Bentley EXP 100 GT - meet the collaborators

In this final instalment on the creation of Bentley’s EXP 100 GT, discover how the luxury car marque collaborated with some of the finest niche artisans in the world.

If you've been following our series on Bentley's EXP 100 GT, you will by now be familiar with the luxury British car marque's ambitious vision for the not-so-distant future of automobile travel. But this vision has not been single-minded. The creation of the EXP 100 GT was a collaborative affair for a number of reasons, first among them that Bentley wanted to incorporate the very best British artisanal and technological expertise into the vehicle, but also because collaborative working is the process of the future. Bentley applied this way of thinking to the production of the EXP 100 GT, incorporating experts in niche fields to create a truly unique product on the one hand, but also to champion British makers on the other. The resulting teamwork speaks for itself...

Hand & Lock

Awarded the Royal Warrant in 1972 but established in 1767, Hand & Lock are committed to sharing embroidery knowhow and inspiring the next generation of embroiderers. Using exquisite embroidery techniques and the traditional Trapunto method in a contemporary and architectural way, this technique was used on the door panels to merge the veneer into the flat Gainsborough Cotton Damask, enabling a seamless integration between the two distinctive materials, creating an illusion of continuity. "Over the nine months we worked with Bentley trialing different techniques and designs, experimenting with themes and ideas that reflected the overarching concepts behind the car design," explains Jessica Pile, Hand & Lock's Production Director. "The final embroidery design that was selected was a diamond shape pattern that morphed into organic shapes running along the door. The technique we used to achieve this was Trapunto, which allows us to create sculptural raised shapes by stitching outlines and then using cotton to inflate pockets. The finished effect is of an undulating, rippling textile surface. Our biggest challenge was working on such large piece of fabric. Bentley selected a fabric for the interior which was reinforced with a spacer fabric. This made the fabric difficult to fold or bend. We had to learn how to manoeuvre the fabric through and around the embroidery machines without damaging it."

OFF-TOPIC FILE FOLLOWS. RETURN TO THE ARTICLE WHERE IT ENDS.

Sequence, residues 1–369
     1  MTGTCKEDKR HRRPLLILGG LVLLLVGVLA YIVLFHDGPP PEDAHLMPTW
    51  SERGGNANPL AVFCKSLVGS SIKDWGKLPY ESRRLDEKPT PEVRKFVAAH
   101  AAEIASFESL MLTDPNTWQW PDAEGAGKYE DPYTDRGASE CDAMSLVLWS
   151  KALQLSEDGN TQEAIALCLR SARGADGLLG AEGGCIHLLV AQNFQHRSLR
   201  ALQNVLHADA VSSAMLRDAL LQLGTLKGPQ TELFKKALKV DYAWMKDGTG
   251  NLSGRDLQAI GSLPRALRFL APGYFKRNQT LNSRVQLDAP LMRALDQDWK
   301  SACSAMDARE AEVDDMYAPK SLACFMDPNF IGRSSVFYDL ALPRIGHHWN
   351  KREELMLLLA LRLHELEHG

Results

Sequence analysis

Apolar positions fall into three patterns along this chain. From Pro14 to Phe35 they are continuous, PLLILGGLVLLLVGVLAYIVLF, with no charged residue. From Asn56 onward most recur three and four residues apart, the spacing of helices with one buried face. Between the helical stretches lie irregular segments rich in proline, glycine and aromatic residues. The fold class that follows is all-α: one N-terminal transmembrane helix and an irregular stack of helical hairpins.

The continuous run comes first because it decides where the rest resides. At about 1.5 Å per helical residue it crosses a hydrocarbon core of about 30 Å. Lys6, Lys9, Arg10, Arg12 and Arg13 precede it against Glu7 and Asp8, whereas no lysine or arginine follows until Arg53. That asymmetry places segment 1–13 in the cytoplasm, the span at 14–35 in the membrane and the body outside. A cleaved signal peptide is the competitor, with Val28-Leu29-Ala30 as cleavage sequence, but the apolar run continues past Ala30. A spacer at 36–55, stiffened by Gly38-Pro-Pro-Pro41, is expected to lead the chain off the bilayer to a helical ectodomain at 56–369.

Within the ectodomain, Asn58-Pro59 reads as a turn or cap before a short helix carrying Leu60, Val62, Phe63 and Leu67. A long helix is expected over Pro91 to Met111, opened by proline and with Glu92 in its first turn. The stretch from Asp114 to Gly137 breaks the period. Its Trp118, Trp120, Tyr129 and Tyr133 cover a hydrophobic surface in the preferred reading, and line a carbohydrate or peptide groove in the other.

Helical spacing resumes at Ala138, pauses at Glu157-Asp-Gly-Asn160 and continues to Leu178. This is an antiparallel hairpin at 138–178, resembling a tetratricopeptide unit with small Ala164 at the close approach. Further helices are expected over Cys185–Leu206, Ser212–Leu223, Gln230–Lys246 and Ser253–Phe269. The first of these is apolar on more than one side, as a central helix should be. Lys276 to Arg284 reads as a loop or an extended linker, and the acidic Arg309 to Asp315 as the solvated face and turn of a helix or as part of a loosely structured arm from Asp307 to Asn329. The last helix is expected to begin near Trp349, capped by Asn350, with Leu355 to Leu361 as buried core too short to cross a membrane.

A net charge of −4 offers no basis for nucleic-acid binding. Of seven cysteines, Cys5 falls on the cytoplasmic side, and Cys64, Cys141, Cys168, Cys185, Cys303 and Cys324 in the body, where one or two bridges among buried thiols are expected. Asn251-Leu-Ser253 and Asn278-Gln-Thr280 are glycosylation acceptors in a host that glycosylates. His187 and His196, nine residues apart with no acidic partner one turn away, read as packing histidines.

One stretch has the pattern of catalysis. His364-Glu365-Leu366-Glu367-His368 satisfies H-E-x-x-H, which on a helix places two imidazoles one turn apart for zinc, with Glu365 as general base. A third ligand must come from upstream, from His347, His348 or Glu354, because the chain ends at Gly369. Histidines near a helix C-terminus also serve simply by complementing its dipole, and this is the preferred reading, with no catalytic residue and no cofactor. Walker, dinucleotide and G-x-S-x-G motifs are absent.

Contributor

Ryan Thompson

Published

December 2019

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